I'm not saying he couldn't be a good partner, my opinion of him hasn't changed. It's more the fact that he has needed additional support in the past and he may do again in the future. I don't know if I'd be able to give him the full support he may need along with caring for my DDs.

Confusedsitcom Mon 30-May-16 14:42:47

He has told me he lost his home previously through his MH issues which is why he ended up in supported accommodation. He is living independently now but still is not well enough to work.

Lunar1 Mon 30-May-16 14:47:01

He doesn't sound at a stage where he is ready for a step parent role. It comes with a massive amount of stress. This has nothing to do with stigma, but about practicalities.

I would either walk away or make a decision that this must be a relationship where you won't be living together and he won't be involved at all with your children.

He may need many years, if ever before he could be well enough for family life. Step parenting is far harder than work!

KittyandTeal Mon 30-May-16 14:48:07

Would he expect you to care for him?

Surely if he's on meds and stable atm then he is taking responsibility for his mental health.

Would you ask the same if someone with diabetes or chronic fatigue for example? If the answer is yes then take a step back and weigh up the pros and cons, if not then maybe you need to think about how you view people with mental health issues.

I know people like to think that they don't stigmatise mental health but the 'you don't need this' type comment is stigma. It's making the assumption that at some point he's going to be unable to cope.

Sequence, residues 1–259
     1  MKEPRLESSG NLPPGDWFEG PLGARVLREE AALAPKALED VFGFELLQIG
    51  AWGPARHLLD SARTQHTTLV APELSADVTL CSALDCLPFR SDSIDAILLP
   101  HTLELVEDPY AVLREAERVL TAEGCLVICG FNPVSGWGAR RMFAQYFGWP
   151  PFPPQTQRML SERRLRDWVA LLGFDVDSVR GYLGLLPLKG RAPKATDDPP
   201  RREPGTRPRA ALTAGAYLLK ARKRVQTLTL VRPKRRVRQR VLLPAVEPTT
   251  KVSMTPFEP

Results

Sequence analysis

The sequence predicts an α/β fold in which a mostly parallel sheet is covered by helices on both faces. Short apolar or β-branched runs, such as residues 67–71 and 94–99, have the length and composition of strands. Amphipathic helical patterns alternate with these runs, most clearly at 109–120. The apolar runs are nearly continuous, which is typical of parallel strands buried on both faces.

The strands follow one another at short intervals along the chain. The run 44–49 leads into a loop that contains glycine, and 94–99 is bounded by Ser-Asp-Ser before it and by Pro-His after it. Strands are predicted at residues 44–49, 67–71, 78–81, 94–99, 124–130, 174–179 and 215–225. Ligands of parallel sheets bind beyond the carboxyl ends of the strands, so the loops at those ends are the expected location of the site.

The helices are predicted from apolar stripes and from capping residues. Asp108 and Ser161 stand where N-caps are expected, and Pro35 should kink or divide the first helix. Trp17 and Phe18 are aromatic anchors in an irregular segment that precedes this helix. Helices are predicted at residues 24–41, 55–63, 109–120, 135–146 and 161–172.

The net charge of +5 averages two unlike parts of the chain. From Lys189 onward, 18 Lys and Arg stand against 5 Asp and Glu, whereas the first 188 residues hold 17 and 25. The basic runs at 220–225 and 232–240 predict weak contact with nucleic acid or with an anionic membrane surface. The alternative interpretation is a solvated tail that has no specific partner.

karalime Mon 30-May-16 15:15:29

Well that's all very nice for you sucksfake but for some of us, having a mentally ill parent was hell. My dad was sectioned 4 times and I would never, ever subject a child to dealing with that.

If his MH issues are under control and well managed, then maybe proceed with caution.

But remember he is an adult. He does not need you to support him. Be helpful to a point, but you are not a mental health professional (repeat ad nausem).

Not having a diagnosed mental health problem yourself does not automatically make you superwoman and a qualified psychiatrist, so it is perfectly fine to at any point say 'I can't deal with this' for the sake of your OWN mental health.

flatbellyfella Mon 30-May-16 15:18:43

This is a No No situation. How long before he goes into bouts of depression again, it will be like you have three children to look after.

Summerwalking16 Mon 30-May-16 15:19:08

Well said karalime.

DeathStare Mon 30-May-16 15:23:27

I'm not sure why people are talking about whether or not he'd make a good step -parent. It's early days of your relationship and in any case some people with MH issues make fantastic step-parents and some people without MH issues make lousy step-parents.

If you like this guy then personally I wouldn't let the MH issues put you off. Take it slowly. I'd say that to anyone with children entering a new relationship, but in this case as he's still on the recovery process I'd say that for his sake as well as yours. And never forget that it isn't wrong to put you and your children first. Just like it's not wrong for him to put his recovery first.

princessmi12 Mon 30-May-16 15:34:41

AS pocketsaviour said, he is unable to take care of himself financially and you will be primary breadwinner. This is big issue for a start let alone MH issues.
Are you desperate for male attention? Why do you want to involve yourself with someone with serious issues?